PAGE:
The essays in the book are wide-ranging, covering topics of interest for sports fans who enjoy the NFL and NASCAR as well as those who like tennis and watching the Olympics. Many topics feature information about specific sports icons and favorite heroes. Additionally, many of the topics' treatments prompt engagement by purposely challenging the reader to either agree or disagree with the author's analysis.
From the mean streets of Depression-era New York City to recipient of the National Medal of Arts, Lee’s life has been almost as remarkable as the thrilling adventures he spun for decades. From millions of comic books fans of the 1960s through billions of moviegoers around the globe, Stan Lee has touched more people than almost any person in the history of popular culture.
In Stan Lee: The Man behind Marvel, Bob Batchelor offers an eye-opening look at this iconic visionary, a man who created (with talented artists) many of history’s most legendary characters. In this energetic and entertaining biography, Batchelor explores how Lee capitalized on natural talent and hard work to become the editor of Marvel Comics as a teenager. After toiling in the industry for decades, Lee threw caution to the wind and went for broke, co-creating the Fantastic Four, Spider-Man, Hulk, Iron Man, the X-Men, the Avengers, and others in a creative flurry that revolutionized comic books for generations of readers. Marvel superheroes became a central part of pop culture, from collecting comics to innovative merchandising, from superhero action figures to the ever-present Spider-Man lunchbox.
Batchelor examines many of Lee’s most beloved works, including the 1960s comics that transformed Marvel from a second-rate company to a legendary publisher. This book reveals the risks Lee took to bring the characters to life and Lee’s tireless efforts to make comic books and superheroes part of mainstream culture for more than fifty years.
Stan Lee: The Man behind Marvel not only reveals why Lee developed into such a central figure in American entertainment history, but brings to life the cultural significance of comic books and how the superhero genre reflects ideas central to the American experience. Candid, authoritative, and utterly absorbing, this is a biography of a man who dreamed of one day writing the Great American Novel, but ended up doing so much more—changing American culture by creating new worlds and heroes that have entertained generations of readers.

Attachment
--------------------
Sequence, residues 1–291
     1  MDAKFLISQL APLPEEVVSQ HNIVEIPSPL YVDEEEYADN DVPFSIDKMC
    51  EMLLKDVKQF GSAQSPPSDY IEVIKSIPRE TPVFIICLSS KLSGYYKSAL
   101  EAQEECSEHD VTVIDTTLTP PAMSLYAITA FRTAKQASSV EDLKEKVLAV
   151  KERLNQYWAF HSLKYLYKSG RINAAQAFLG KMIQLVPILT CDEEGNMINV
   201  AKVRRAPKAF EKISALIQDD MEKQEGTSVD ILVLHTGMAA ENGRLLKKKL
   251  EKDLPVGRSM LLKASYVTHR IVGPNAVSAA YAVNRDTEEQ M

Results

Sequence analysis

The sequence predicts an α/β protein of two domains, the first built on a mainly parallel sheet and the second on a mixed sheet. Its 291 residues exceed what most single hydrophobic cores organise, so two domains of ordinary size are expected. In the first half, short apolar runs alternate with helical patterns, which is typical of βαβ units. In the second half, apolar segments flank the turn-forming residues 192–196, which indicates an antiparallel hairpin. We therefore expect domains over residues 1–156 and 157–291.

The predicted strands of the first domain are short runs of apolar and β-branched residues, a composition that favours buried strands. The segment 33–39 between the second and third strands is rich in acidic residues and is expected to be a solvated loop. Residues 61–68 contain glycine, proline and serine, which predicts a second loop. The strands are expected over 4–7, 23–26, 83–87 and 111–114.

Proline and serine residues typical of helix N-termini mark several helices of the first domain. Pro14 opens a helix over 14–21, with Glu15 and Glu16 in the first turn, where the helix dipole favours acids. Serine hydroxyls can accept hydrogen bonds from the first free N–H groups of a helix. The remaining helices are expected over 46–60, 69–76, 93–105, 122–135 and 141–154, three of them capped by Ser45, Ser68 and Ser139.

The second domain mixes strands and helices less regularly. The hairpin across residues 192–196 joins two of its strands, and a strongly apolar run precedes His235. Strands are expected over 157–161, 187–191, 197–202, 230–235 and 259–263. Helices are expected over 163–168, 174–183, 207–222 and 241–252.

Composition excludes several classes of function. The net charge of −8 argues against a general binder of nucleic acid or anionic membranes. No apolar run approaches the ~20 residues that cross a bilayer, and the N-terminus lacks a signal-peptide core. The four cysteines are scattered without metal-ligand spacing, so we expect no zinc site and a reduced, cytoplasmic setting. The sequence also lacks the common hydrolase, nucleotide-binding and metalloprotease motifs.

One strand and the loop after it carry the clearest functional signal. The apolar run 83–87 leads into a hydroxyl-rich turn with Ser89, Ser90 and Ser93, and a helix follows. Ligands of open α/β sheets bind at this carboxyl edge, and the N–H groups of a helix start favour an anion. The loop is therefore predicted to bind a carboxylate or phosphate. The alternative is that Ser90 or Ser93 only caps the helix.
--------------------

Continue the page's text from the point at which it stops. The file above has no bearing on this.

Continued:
In Gatsby: The Cultural History of the Great American Novel, Bob Batchelor explores the birth, life, and enduring influence of The Great Gatsby—from the book’s publication in 1925 through today’s headlines filled with celebrity intrigue, corporate greed, and a roller-coaster economy. A cultural historian, Batchelor explains why and how the novel has become part of the fiber of the American ethos and an important tool in helping readers to better comprehend their lives and the broader world around them.
A “biography” of F. Scott Fitzgerald’s masterpiece, this book examines The Great Gatsby’s evolution from a nearly-forgotten 1920s time capsule to a revered cultural touchstone. Batchelor explores how this embodiment of the American Dream has become an iconic part of our national folklore, how the central themes and ideas emerging from the book—from the fulfillment of the American Dream to the role of wealth in society—resonate with contemporary readers who struggle with similar uncertainties today. By exploring the timeless elements of reinvention, romanticism, and relentless pursuit of the unattainable, Batchelor confirms the novel’s status as “The Great American Novel” and, more importantly, explains to students, scholars, and fans alike what makes Gatsby so great.